2. To encourage such partnerships, the government may introduce a production-linked incentive (PLI) scheme to chemicals, petrochemicals sectors.
  3. Global Investors Interested in India\’s Chemicals Sector: BASF, Adnoc, Rosneft, and Aramco are looking for joint venture partners to invest in India\’s chemicals industry.
  4. Potential Production-Linked Incentive (PLI) Scheme: The Indian government is open to introducing a PLI scheme to encourage investments in the chemicals and petrochemicals sectors.
  5. Emphasis on sustainability and new technologies Indian companies urged to adopt sustainable practices. Collaboration with global investors requires meeting global standards.
  6. Addressing inverted duty structures: Government open to corrections but cautious about potential impacts.


What is Production Linked Incentive (PLI) Scheme?

  1. Introduced as part of the National Policy on Electronics to incentivize electronic companies manufacturing components like mobile phones, transistors, etc.
  2. Incentivizes companies based on production and sales, encouraging increased production, job creation, and economic growth.
  3. Objective: Enhance domestic manufacturing, reduce imports, and generate employment.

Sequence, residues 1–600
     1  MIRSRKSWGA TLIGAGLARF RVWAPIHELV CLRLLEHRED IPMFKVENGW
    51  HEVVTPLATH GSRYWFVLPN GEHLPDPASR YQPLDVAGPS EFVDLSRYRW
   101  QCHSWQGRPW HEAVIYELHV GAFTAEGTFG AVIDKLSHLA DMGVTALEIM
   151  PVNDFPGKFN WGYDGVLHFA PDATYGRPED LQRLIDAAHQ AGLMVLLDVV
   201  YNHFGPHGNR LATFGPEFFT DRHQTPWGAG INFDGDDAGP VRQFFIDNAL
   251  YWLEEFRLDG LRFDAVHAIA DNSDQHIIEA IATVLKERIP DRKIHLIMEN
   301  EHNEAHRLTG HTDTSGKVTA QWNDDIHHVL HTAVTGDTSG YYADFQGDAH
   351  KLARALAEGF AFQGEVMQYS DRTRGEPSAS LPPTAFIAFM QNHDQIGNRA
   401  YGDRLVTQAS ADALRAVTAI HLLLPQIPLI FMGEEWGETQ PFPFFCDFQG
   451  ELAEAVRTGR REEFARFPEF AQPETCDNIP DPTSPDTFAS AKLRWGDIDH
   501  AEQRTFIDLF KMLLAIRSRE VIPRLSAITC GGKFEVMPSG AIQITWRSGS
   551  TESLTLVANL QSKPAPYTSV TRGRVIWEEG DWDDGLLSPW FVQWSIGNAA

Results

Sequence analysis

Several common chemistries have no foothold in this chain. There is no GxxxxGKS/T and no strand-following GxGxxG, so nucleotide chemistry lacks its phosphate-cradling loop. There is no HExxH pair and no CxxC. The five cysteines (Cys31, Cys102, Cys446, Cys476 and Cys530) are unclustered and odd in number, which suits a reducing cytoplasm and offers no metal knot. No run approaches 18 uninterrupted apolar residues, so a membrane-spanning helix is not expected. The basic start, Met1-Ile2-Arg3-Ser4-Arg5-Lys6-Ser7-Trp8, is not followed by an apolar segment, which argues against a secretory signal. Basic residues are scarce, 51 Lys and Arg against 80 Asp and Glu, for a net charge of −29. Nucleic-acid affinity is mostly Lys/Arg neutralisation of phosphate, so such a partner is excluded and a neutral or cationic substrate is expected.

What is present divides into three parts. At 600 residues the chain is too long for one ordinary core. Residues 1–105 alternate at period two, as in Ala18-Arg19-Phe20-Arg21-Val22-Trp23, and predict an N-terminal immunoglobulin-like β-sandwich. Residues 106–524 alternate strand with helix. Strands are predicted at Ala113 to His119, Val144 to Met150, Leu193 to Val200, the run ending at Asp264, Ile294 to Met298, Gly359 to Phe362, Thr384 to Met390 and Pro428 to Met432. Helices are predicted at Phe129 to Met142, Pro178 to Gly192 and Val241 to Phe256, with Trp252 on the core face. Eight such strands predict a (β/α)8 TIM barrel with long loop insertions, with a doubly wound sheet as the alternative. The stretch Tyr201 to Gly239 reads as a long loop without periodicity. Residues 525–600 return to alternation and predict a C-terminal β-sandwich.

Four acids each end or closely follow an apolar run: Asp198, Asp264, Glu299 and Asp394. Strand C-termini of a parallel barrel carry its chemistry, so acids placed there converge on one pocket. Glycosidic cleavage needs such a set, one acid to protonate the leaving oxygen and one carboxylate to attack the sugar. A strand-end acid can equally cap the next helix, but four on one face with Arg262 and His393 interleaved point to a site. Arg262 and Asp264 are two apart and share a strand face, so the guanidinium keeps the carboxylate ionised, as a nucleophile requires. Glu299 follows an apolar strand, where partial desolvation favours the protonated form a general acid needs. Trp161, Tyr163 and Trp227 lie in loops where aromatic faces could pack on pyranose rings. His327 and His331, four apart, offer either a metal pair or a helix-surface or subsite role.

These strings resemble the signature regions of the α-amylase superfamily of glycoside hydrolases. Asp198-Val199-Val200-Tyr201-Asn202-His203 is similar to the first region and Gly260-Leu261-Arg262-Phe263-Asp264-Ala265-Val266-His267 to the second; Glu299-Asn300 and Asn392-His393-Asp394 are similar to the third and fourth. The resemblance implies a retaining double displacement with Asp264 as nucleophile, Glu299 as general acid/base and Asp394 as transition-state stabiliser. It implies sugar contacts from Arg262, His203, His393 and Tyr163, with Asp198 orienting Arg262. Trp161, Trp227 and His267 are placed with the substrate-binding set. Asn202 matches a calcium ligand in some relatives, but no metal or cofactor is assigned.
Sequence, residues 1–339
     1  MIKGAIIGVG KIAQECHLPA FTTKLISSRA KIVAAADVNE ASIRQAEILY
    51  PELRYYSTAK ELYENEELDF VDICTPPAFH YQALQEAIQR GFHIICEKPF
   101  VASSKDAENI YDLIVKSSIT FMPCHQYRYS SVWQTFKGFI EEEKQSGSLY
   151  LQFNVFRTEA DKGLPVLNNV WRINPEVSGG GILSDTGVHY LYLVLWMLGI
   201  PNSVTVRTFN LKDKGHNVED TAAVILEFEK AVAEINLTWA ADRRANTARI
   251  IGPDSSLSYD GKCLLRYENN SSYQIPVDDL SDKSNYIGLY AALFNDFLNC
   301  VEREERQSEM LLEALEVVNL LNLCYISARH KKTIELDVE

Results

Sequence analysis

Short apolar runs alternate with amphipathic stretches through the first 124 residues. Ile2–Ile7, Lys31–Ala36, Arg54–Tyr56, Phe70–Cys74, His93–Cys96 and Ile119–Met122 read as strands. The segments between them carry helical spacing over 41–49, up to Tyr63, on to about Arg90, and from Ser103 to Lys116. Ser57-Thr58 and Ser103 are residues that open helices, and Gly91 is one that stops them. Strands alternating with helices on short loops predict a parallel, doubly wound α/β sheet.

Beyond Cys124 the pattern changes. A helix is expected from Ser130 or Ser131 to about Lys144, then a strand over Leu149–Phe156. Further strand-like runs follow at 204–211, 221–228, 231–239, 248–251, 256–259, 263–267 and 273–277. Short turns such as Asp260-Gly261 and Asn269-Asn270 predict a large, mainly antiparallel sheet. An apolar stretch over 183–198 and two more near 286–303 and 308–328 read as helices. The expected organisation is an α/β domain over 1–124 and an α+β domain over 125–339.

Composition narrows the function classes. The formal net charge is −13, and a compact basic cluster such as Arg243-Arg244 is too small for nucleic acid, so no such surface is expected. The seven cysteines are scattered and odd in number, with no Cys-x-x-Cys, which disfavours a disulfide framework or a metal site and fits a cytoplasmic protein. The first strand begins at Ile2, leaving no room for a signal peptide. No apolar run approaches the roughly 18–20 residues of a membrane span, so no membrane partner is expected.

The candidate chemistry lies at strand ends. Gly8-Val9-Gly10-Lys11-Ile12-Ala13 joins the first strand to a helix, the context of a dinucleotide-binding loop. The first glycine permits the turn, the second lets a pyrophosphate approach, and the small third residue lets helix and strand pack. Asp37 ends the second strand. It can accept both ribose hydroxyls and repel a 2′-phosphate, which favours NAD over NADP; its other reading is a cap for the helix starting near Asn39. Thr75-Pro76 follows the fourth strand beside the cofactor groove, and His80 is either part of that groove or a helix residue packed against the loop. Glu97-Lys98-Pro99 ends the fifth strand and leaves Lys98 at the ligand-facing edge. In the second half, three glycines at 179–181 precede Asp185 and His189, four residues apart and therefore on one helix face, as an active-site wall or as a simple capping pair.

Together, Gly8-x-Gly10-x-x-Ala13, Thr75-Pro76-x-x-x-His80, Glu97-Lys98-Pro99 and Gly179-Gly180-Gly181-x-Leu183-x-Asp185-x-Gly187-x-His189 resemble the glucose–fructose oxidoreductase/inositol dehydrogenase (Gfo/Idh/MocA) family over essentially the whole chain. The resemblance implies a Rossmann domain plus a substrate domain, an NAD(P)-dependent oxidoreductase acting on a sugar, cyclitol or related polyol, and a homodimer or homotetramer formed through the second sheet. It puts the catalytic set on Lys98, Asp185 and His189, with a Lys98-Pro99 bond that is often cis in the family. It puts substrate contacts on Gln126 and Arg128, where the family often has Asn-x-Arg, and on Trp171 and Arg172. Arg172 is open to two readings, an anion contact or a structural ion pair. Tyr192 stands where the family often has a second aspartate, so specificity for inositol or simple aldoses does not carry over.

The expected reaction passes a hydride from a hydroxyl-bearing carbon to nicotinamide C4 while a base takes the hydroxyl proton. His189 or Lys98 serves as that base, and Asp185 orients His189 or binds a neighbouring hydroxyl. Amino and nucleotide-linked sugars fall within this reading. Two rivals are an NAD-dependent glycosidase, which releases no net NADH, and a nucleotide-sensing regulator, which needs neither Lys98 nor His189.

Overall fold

4. Targeted Industries: PLI schemes introduced for 14 sectors, including automobile, electronics, telecom, pharmaceuticals, textiles, drones.
  5. Incentives: Range from 1% to 20% based on incremental sales and performance.


Expansion of PLI Scheme

  1. Union Cabinet approved the PLI scheme for 10 key sectors to enhance India\’s manufacturing capabilities and exports.
  2. Targets a USD 1 trillion digital economy by 2025 and growth in automotive, textile, steel, telecom, solar panels, and other sectors.


PLI Scheme for Large Scale Electronics Manufacturing

  1. First phase focused on increasing mobile phone manufacturing and setting up ATMP units.
  2. Total proposed cost: INR 40,995 crore.
  3. Aims to boost domestic production, meet demand, and generate over 2 lakh jobs.


PLI Scheme for Pharmaceuticals

  1. Targets incremental sales of Rs. 2,94,000 crore and exports of Rs. 1,96,000 crore during FY 2022-23 to 2027-28.
  2. Estimated to create 20,000 direct and 80,000 indirect jobs.
  3. Scheme duration: FY 2020-21 to FY 2028-29.


Success of PLI Scheme (DPIIT Data)

  1. Increase in FDI: 76% rise in manufacturing sector FDI in FY 2021-22, boosting various industries.
  2. Value Addition: 20% value addition achieved in mobile manufacturing within 3 years.
  3. Exports Growth: India\’s export basket transformed, leading to a boost of Rs. 2.56 Lakh Crore till FY 2022-23.
  4. Investment: 733 applications approved with expected investment of Rs. 3.65 Lakh Crore, creating around 3,25,000 jobs.